Posted by | · · · · · · · | Commentary · Projects | No Comments on vision | MARCELLA DVSI

Making her US debut at our Double Vision this past Saturday, WOAH profiles Italian-born London-based designer MARCELLA DVSI.

Featured in Double Vision‘s Galerie De L’Absurde/Anti-Fashion Show, a hat from MARCELLA DVSI strolled the catwalk alongside a unique selection of sculptural headpieces by Daniel Brent Nieto and Sarah B. Lund, with model silhouettes complete in looks from Kittinhawk, Omega Collektiv, and Bo Matthew Metz.  The common thread among these varied designers may be the unusual ways they depart from the organic lines of the body to create a heightened form of fantasy.  As in the unusual twisted compositions of MARCELLA DVSI, each of these designers utilizes the physical form as a springboard for abstraction––as a canvas for building volume, evoking eroticism and envisioning the surreal, and as a vehicle in which individual style can be accentuated, refined, and reborn.

MARCELLA DVSI at Galerie De L'Absurde/Anti-Fashion Show // Dress & Photo: Bo Matthew Metz // Model: Michelene Cha

MARCELLA DVSI at Galerie De L’Absurde/Anti-Fashion Show // Dress & Photo: Bo Matthew Metz // Model: Michelene Cha

I first met Marcella in Berlin somewhere in the haze of 2009.  From there, we braved the grays of winter desolation, the nonchalant freedom of life as a foreigner in a foreign land, and quickly solidified an aesthetic love affair through shared tastes in Commes des Garçons, Dark Disco, esoteric objects, and Luis Buñuel.  Thanks to the virtual elasticity of internet-time travel, we have kept watch over each other’s creative evolutions after departing and beginning in new territories many years later.  From the start, I have forever been enthralled with Marcella’s captivating charisma––the intricate artistry and concentration she applies to a dexterous process––holed up in her flat with hands busily perfecting the art of braiding for sometimes weeks on end.  As time has continually matured, I have never ceased to be truly blown away by the latest in her architectural and sophisticated collection for MARCELLA DVSI.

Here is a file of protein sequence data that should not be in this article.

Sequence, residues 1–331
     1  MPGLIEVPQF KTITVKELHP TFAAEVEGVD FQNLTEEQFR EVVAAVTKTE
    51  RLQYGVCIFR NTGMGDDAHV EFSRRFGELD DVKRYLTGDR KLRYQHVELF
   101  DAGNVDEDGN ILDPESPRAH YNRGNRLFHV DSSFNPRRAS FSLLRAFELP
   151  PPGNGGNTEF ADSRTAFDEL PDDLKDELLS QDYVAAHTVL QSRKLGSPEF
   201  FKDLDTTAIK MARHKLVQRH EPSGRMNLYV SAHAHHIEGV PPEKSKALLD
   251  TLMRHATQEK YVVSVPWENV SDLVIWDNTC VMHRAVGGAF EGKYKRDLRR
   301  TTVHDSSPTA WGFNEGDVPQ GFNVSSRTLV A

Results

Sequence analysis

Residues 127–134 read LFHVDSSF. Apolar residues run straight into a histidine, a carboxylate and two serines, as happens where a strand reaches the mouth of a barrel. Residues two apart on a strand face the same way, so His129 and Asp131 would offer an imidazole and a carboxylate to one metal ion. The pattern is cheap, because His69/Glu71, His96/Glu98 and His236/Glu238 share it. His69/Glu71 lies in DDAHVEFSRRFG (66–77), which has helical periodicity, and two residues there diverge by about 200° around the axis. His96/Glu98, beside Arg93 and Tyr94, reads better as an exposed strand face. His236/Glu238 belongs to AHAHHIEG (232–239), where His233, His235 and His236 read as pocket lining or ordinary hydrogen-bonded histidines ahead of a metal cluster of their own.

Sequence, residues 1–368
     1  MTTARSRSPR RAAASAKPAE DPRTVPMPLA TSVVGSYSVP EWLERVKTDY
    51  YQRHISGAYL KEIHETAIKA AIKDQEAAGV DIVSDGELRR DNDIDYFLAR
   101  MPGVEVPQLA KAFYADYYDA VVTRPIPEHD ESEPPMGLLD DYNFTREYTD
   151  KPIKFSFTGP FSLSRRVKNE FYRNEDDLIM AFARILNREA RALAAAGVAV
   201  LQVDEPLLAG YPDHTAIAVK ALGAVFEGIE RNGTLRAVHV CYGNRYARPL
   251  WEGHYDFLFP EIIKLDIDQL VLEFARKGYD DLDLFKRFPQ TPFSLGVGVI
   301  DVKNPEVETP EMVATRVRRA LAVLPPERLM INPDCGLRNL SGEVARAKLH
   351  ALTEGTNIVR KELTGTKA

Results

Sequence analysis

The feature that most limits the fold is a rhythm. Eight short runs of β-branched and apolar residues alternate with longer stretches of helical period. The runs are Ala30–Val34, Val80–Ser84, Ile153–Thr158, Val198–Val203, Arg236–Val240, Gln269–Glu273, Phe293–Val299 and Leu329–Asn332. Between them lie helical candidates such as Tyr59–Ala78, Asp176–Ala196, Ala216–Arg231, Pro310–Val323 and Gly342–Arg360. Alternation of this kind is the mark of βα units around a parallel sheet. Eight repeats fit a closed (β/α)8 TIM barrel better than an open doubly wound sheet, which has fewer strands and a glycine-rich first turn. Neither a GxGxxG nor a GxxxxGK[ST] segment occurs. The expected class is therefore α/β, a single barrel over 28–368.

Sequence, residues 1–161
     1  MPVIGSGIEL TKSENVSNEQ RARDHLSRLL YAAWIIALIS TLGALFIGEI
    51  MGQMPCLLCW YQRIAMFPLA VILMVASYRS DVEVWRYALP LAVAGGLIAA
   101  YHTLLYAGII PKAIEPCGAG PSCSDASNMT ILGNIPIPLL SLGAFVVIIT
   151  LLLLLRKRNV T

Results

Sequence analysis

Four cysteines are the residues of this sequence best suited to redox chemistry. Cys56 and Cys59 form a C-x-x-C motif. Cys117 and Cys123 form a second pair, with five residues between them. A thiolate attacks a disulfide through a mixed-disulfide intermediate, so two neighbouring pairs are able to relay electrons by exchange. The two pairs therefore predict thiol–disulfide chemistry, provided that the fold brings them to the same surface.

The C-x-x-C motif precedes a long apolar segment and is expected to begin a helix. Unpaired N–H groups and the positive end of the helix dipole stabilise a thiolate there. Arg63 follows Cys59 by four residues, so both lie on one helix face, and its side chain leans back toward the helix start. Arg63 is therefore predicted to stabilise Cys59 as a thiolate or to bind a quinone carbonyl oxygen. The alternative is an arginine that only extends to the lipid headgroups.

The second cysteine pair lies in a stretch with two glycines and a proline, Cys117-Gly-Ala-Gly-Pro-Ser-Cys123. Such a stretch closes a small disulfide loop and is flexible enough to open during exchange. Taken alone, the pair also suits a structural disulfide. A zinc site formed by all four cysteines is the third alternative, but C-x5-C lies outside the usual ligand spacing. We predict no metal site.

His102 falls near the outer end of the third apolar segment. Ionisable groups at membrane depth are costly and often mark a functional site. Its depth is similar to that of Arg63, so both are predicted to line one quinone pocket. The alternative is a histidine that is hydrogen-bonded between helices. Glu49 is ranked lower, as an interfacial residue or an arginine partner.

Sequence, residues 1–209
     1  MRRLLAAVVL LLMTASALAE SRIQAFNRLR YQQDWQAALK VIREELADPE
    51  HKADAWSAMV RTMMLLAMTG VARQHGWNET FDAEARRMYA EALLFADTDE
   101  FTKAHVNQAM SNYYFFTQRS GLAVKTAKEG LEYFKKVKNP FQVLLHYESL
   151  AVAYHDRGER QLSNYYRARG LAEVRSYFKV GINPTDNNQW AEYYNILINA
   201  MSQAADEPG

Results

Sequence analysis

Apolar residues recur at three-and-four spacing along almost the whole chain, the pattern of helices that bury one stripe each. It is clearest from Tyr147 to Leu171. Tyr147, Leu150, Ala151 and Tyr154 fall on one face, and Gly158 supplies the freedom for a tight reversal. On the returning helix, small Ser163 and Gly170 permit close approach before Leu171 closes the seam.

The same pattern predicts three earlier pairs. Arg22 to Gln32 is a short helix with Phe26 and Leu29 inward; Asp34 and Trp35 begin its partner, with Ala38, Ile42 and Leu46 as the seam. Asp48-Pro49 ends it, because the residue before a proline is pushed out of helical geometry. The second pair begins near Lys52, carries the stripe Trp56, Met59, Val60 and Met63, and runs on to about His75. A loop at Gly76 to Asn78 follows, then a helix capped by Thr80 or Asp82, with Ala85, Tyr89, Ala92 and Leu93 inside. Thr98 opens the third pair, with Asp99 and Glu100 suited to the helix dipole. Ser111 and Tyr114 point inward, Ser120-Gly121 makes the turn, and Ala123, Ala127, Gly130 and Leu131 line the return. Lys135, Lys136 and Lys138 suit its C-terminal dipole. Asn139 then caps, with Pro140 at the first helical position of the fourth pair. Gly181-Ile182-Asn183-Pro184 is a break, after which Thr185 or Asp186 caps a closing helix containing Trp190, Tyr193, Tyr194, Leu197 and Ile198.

Here in an interview, Marcella sheds light on the artist behind the process and the creator behind those intricately braided masks and delicate armors. One thing you won’t learn below though… is underneath the delicate cloaks and woven headpieces, lies a voice akin to the dark deep tones of Nico.  Back in the Berlin black hole we met in, Marcella was the singer for a band called Motherland––opening for the likes of !!! (Chk Chk Chk).  But only after the band, did MARCELLA DVSI take form.  Multifaceted, Marcella’s talents lie in many hats…

MARCELLA DVSI // Photo: Alberto Rugolotto // Model: Debora Omassi

MARCELLA DVSI // Photo: Alberto Rugolotto


What shapes your inspiration? I feel inspired by many things such as a dying leaf on the floor, a William Morris print, film noir, or a church’s spire but nothing is more inspiring to me than the sound of a melancholic piano song… I work best when I am at the extreme ends of my emotions––be they positive or negative––I have no intermediate mood.

MARCELLA DVSI // Photo: Susu Laroche

MARCELLA DVSI // Photo: Susu Laroche

Are there any symbolic words or images you connect with your designs?  Serpents, religion, death, veil, pagan …

What is your preferred environment and method for working?  I work at home because all I need is a small table and some space to cut the fabric before I create the braid. I don’t follow drawings as I prefer to let the pieces shape instinctively. 

Are each of your designs single copies or do you do varied editions for each? Roughly how much time do you need to complete one hat? Each piece is unique. Some pieces can be similar but no two are identical as I do not follow a pattern.   It takes me between 8 and 20 hours to make one hat depending on the size and the complexity of the design.

MARCELLA DVSI // Photo: Susu Laroche

MARCELLA DVSI // Photo: Susu Laroche

Your photos seem to be completely in-tune stylistically with your designs.  How do do you choose your collaborators?  Is there an idea behind your photos and videos or what kind of mood do you hope to inspire with the pieces and images you produce? I first began working with [London-based] photographer Susu Laroche because I always thought her aesthetic was very well suited to my work …  I am interested in new collaborations and seeing how others interpret my garments.  I want other people to feel a spiritual union through interacting with my pieces and from the photos and films I make with them.


To coincide with the launch of her new collection, Marcella premeires the first in an ongoing video series with new collaborator, T.R.  Watch the atmospheric promotional film III for MARCELLA DVSI below.  Fragile in form and meticulously crafted, Marcella’s headpieces and accessories are available for purchase or commission.  Contact MARCELLA DVSI.

No Comments

Leave a comment